Lake Forest Park Council supports King County Parks levy

Friday, July 26, 2013



The Lake Forest Park City Council endorsed the August 6 King County Parks Levy during its regular meeting Thursday.

Councilmember Sandy Koppenol moved the resolution and said that both direct allocations and competitive money received from King County Parks have been important in leveraging other funds to build and improve the City parks.

“Parks are difficult to fund for a small city like Lake Forest Park,” Koppenol said. “We typically have to piece together the funding from several sources. Often the Parks Levy money we receive is the last piece of the puzzle.”

After holding a required public hearing, the City Council deliberated and approved a resolution in support of the King County Parks Levy, which is Proposition No. 1 on the primary ballot. The hearing was lightly attended, with one citizen speaking in favor, one speaking against, and the other registering concerns but not stating a position.

The proposed levy would replace an existing levy approved by the voters in 2007 that King County has used to supplement entrepreneurial proceeds from its concerts and events, such as Cirque de Soleil.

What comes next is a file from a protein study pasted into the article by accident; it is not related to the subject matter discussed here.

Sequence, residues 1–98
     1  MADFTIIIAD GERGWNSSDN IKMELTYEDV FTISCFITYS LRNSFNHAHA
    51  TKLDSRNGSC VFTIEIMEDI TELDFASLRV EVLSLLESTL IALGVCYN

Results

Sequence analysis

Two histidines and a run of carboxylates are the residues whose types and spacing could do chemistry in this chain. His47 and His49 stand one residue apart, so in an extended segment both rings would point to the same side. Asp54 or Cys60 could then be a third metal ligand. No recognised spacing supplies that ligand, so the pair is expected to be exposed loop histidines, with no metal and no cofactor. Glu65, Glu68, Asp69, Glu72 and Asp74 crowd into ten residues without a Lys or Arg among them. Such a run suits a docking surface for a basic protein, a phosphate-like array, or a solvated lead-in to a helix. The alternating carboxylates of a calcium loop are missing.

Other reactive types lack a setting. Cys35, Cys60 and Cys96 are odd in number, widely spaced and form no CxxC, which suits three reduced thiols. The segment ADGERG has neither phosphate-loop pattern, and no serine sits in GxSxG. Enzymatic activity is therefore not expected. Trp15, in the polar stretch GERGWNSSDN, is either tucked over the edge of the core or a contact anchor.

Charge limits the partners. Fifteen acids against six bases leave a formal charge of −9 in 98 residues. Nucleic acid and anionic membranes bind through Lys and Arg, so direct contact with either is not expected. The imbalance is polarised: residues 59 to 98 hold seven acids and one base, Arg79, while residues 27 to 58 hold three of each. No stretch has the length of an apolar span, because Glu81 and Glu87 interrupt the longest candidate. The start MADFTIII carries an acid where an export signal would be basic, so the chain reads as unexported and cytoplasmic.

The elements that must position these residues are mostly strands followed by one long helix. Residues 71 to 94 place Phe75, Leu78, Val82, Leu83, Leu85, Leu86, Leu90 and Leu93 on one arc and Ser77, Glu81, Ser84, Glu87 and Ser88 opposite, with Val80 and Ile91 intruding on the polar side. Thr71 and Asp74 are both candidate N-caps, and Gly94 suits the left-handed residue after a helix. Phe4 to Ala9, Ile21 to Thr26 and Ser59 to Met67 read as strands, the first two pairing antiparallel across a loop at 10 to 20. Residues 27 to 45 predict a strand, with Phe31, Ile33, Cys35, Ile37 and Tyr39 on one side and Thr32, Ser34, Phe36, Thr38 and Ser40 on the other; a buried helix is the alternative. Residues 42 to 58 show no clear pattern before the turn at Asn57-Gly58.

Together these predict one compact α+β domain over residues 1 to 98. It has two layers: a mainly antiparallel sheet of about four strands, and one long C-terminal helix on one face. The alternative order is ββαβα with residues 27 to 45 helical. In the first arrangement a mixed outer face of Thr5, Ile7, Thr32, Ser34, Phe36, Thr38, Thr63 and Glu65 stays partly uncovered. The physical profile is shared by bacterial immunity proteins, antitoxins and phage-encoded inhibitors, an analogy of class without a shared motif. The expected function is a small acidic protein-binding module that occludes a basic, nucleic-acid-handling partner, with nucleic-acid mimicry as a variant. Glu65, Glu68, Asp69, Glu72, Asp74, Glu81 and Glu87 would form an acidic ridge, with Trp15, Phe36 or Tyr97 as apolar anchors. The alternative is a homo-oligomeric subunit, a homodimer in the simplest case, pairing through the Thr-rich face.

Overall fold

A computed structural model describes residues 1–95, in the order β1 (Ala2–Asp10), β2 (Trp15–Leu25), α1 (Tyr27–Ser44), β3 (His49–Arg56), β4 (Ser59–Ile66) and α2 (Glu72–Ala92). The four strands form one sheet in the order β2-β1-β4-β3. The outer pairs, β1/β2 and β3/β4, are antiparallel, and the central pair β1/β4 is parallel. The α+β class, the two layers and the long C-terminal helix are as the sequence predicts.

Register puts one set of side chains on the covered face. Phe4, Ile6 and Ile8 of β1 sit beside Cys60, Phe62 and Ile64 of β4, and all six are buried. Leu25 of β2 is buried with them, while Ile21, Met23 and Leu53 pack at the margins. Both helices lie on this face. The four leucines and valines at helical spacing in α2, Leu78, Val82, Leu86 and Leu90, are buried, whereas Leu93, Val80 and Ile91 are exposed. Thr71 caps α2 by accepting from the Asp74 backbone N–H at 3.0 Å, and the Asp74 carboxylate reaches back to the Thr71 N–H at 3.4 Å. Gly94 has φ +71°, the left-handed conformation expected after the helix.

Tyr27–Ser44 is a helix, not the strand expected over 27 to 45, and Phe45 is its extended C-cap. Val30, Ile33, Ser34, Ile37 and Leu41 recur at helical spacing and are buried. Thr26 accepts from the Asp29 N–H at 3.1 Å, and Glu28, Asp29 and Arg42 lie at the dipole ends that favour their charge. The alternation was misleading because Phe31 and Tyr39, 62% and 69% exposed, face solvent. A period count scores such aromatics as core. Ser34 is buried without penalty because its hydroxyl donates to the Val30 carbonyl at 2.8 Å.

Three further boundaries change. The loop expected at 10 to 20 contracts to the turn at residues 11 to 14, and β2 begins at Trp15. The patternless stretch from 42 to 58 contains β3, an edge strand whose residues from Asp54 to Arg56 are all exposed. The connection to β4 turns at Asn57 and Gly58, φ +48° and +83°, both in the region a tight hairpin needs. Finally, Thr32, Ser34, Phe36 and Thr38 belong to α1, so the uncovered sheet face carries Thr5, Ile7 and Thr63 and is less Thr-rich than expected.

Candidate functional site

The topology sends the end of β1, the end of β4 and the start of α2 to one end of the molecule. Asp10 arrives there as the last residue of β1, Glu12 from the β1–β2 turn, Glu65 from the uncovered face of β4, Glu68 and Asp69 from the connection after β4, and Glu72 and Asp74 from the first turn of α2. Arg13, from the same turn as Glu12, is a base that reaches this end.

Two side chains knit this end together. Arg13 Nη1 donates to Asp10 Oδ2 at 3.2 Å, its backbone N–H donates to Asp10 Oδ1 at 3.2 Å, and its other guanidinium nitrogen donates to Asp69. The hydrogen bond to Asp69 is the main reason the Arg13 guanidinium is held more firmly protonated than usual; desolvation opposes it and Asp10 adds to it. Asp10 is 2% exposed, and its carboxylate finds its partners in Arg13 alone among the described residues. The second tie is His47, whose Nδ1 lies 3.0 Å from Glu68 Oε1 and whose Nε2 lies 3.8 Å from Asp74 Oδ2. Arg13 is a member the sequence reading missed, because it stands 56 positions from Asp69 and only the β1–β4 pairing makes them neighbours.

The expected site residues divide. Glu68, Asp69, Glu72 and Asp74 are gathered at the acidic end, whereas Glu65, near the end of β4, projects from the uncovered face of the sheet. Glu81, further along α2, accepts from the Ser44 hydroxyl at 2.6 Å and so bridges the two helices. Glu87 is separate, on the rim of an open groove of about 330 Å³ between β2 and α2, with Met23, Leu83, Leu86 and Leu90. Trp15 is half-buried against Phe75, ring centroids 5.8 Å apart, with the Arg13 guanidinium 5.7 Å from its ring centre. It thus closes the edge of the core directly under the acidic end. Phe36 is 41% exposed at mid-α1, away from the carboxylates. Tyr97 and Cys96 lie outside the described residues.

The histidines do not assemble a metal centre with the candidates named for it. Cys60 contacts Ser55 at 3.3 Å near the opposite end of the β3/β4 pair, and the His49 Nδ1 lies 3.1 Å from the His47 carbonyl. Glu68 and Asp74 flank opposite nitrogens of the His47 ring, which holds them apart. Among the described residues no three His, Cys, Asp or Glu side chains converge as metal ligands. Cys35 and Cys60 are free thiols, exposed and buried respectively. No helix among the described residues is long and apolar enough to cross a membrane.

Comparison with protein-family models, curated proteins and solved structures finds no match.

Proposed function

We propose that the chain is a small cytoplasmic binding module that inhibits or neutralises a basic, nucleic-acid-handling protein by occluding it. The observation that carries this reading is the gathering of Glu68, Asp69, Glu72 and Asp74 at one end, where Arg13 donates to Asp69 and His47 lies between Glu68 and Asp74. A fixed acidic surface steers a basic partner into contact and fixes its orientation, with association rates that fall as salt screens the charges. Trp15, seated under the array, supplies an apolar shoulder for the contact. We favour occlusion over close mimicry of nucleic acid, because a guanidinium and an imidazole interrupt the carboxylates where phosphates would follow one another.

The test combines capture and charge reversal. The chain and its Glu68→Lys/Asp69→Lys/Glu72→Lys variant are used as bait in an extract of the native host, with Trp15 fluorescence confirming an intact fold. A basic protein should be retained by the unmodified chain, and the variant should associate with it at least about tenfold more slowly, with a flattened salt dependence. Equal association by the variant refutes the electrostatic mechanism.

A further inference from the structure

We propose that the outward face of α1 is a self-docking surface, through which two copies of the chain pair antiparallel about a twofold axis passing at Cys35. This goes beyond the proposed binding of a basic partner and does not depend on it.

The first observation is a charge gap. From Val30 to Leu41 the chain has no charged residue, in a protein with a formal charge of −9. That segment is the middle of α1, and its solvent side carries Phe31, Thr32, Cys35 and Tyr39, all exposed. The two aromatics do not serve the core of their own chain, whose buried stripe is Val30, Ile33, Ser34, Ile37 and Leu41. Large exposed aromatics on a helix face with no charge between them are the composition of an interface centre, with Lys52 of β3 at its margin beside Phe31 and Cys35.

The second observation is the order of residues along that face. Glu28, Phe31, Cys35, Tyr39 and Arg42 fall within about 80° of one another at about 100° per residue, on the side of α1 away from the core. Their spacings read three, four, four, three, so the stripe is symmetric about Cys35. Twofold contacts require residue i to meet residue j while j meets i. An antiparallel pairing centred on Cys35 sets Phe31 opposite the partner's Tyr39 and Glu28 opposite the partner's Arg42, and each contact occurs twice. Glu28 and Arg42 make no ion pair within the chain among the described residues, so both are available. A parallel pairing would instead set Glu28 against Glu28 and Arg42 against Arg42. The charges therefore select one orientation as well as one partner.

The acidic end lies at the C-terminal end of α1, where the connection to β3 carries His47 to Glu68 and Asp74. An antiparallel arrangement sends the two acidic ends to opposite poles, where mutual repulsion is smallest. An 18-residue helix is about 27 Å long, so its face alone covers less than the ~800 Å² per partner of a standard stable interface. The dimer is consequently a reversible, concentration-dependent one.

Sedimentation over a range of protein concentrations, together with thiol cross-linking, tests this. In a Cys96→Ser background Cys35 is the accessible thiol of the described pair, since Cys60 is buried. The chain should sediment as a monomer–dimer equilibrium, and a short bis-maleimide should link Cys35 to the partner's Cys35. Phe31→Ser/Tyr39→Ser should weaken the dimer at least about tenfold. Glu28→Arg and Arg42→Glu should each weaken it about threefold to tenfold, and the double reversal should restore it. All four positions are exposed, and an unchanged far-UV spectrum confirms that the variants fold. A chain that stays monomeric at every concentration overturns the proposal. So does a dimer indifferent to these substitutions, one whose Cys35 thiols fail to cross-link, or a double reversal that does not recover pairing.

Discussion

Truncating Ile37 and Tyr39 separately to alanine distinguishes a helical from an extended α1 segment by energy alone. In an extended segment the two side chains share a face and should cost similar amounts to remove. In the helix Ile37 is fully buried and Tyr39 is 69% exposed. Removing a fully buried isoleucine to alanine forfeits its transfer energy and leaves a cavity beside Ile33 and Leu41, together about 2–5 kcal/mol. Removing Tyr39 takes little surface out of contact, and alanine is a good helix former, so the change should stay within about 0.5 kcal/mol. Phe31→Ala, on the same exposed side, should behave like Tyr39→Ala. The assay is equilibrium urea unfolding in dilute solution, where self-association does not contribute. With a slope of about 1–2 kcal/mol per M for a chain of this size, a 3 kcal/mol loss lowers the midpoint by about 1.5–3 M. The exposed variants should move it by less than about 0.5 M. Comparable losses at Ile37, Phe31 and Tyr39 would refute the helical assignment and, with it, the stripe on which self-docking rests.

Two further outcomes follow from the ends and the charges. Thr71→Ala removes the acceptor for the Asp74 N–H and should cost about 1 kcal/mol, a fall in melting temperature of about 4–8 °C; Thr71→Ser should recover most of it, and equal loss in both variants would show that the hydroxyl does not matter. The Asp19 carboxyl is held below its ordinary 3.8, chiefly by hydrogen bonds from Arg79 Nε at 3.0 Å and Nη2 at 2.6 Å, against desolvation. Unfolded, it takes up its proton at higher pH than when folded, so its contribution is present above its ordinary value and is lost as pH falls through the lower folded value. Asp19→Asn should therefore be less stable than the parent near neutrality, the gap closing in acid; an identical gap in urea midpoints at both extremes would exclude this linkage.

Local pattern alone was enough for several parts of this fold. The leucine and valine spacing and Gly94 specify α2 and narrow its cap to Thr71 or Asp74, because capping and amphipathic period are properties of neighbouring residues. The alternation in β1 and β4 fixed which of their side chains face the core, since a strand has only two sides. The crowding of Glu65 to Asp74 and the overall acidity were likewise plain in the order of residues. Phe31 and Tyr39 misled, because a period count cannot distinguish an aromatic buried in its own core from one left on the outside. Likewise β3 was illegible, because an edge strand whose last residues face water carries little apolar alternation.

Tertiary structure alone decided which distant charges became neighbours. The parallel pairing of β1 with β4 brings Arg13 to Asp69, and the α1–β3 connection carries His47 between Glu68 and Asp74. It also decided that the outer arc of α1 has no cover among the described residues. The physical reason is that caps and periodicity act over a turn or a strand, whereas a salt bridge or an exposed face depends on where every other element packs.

The new levy contains an increase over the current parks levy, with a portion of proceeds to be used for operations and maintenance, capital improvements and new park acquisition for the County regional park and trail system. A smaller portion of the levy proceeds is distributed to cities for local park uses. Lake Forest Park would receive about $28,000 a year in direct money, approximately the same amount it has received under the current levy.

The action was taken on a 3-0 vote, with four members in attendance. Councilmember Don Fiene abstained and did not participate in the discussion, citing a potential conflict of interest from his involvement with an non-governmental organization that has received funding from King County Parks.

Councilmember Bob Lee spoke in support of the measure, saying that Lake Forest Park’s participation in many regional committees and has brought lots of funding back to the city for its projects. He also said that maintaining an excellent parks system is important for the regional economy.

“The outdoors attracts new residents to the Northwest. I cannot imagine King County without its large parks”, Lee said. “They are part of its identity.”

Deputy Mayor Catherine Stanford, in supporting the resolution, said King County made a significant investment in upgrading the Burke Gilman Trail through Lake Forest Park and we need to make sure there is funding to maintain it. She also stated that she is aware that many of our citizens regularly use King County parks and trails.


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